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Discussion Starter · #1 ·
I just picked up another project bike, its been sitting for at least 10 years untouched in a house garage. The original owner bought it, rode it for a year or two, then up and died. It sat where he left it until last week. I spotted the ad in a local free paper and took the ride to go look at it. The price was very right, and it came home with me.
Cosmetically, its not bad, there's a lot of light surface rust on some of the chrome and a ton of cheap add on bits all over the bike, including a pair of unknown brand drag pipes with no baffles.

Its my first newer Suzuki, a 2005 model.

Does anyone have any opinions on these? I'm assuming its basically just a renamed 1400 Intruder with some minor changes?
Does anyone have one with drag pipes? How do you access the rear brake reservoir with the header pipe passing so close to it? There's a chrome cover on the brake reservoir but you can't remove it with the header in place. I guess to check the brake fluid the header has to come off? How about heat transfer to the reservoir?

I've had it running on car cleaner shot right into the carbs so I know it'll run, but the carbs, tank, and petcocks are all gummed up. I've got the tank soaking half full of carb cleaner hoping to melt down some of the solidified gas.

I was suprised to see how much rust there was on the chrome bits, even the factory chrome. The bike was in an attached garage and nearly all the chrome has some degree of surface rust or even some pitting.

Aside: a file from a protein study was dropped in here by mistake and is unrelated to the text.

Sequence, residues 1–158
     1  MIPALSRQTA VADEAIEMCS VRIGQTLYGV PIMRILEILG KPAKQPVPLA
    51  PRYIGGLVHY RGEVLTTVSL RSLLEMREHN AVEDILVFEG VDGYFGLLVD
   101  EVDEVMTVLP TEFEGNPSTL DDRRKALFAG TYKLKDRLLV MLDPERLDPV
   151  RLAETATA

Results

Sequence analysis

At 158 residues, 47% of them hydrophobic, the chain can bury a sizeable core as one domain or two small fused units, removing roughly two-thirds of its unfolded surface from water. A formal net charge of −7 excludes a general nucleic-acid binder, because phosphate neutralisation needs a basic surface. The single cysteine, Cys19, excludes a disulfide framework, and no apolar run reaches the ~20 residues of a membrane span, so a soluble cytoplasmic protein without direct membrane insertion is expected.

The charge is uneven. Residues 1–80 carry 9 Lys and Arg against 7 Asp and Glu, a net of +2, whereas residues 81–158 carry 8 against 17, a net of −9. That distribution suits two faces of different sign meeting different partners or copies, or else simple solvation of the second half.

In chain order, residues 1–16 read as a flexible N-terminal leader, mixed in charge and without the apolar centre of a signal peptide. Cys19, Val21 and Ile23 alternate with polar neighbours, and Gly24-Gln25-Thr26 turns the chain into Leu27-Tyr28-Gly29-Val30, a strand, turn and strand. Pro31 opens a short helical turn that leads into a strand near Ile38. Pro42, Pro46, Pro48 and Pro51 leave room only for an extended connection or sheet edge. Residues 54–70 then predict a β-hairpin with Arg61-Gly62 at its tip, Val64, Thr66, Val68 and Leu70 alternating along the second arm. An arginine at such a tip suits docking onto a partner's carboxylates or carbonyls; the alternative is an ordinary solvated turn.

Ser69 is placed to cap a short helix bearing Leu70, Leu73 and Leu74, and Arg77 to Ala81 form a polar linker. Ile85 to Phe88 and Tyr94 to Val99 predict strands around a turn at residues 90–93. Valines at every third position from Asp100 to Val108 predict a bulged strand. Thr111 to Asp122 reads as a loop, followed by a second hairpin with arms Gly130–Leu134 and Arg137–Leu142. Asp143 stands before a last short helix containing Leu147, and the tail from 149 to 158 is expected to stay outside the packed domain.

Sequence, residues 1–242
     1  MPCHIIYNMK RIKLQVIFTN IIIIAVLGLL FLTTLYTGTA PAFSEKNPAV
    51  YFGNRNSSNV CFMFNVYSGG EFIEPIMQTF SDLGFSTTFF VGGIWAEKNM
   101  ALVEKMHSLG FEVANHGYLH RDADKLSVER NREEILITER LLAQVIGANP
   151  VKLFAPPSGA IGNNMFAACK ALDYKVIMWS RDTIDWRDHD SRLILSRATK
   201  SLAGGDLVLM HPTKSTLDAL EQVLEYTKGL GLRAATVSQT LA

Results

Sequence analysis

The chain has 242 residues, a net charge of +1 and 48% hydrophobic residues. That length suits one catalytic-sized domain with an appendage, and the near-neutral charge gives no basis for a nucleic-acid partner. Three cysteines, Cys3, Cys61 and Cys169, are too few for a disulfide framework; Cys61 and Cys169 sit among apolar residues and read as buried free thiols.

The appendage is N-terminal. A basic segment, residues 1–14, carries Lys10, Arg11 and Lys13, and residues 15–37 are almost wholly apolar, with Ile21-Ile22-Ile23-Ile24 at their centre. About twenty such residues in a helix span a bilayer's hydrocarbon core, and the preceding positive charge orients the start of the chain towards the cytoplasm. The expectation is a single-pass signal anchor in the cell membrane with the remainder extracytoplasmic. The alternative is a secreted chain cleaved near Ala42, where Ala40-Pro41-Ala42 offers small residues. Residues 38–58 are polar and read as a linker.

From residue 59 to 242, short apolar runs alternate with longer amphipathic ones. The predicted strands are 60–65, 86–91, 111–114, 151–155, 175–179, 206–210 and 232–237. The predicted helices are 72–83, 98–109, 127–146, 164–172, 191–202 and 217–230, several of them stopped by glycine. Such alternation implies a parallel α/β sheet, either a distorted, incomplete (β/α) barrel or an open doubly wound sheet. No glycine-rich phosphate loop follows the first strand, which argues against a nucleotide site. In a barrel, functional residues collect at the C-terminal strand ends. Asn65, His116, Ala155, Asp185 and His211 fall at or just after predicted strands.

So far the bars, forks, and shocks have cleaned up perfect, the rear shock mounts or handles are pretty well rusted on the inside, but the outer chrome cleaned right up. The head covers cleaned right up, and the headlight ring came up like new as well. The big challenge is the spokes, they're covered in light rust, but the rims are aluminum, which will limit what I can use on the spokes.

Were the rims on these polished or just plain aluminum? They don't look like they were ever polished, they look more like plain bare extruded aluminum to me? I've seen a few older Intruders with rims that looked like chrome, but I'm not sure if these are the same rims on the Boulevard model?
 

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I have always had good luck with NeverDul.
 

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Suzuki just renamed the Intruders to Boulevards, and changed the labels; basic model number is still VS1400.
The rims should be polished and clear-coated aluminum; the clear coat should resist what you use on the spokes, but test first, of course. Unfortunately, the chrome from Suzuki isn't the best, and if not kept up, will show rust spotting. Don't forget to flush the clutch and brake hydraulic fluid; should be done every two years, minimum. I'll have to consult the service manual about the rear reservoir access.
 

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2003 Suzuki Intruder 1400
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Rims on an S83 Boulevard are chromed not polished. I don't even think they're aluminum. I have the 03 when it was still called the Intruder. Same exact bike. Very torquey, and a very affordable 88" Dyna or maybe 1200 Sporty clone. If it has aftermarket pipes, check the jet sizes when you tear down for cleaning and make sure they've been upgraded.